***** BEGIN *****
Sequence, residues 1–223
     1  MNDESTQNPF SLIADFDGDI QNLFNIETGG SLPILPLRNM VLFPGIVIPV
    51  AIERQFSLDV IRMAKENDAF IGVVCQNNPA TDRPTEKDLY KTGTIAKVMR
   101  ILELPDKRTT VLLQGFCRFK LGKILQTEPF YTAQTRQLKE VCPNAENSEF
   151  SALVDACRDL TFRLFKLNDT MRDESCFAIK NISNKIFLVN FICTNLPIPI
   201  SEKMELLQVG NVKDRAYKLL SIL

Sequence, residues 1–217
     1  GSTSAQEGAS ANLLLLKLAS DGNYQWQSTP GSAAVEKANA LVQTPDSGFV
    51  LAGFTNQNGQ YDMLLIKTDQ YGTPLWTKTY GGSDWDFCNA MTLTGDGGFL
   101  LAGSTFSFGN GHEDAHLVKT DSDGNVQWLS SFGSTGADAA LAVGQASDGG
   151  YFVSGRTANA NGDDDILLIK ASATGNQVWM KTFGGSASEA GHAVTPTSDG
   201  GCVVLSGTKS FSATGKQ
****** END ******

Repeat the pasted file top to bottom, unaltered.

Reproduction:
Sequence, residues 1–223
     1  MNDESTQNPF SLIADFDGDI QNLFNIETGG SLPILPLRNM VLFPGIVIPV
    51  AIERQFSLDV IRMAKENDAF IGVVCQNNPA TDRPTEKDLY KTGTIAKVMR
   101  ILELPDKRTT VLLQGFCRFK LGKILQTEPF YTAQTRQLKE VCPNAENSEF
   151  SALVDACRDL TFRLFKLNDT MRDESCFAIK NISNKIFLVN FICTNLPIPI
   201  SEKMELLQVG NVKDRAYKLL SIL

Sequence, residues 1–217
     1  GSTSAQEGAS ANLLLLKLAS DGNYQWQSTP GSAAVEKANA LVQTPDSGFV
    51  LAGFTNQNGQ YDMLLIKTDQ YGTPLWTKTY GGSDWDFCNA MTLTGDGGFL
   101  LAGSTFSFGN GHEDAHLVKT DSDGNVQWLS SFGSTGADAA LAVGQASDGG
   151  YFVSGRTANA NGDDDILLIK ASATGNQVWM KTFGGSASEA GHAVTPTSDG
   201  GCVVLSGTKS FSATGKQ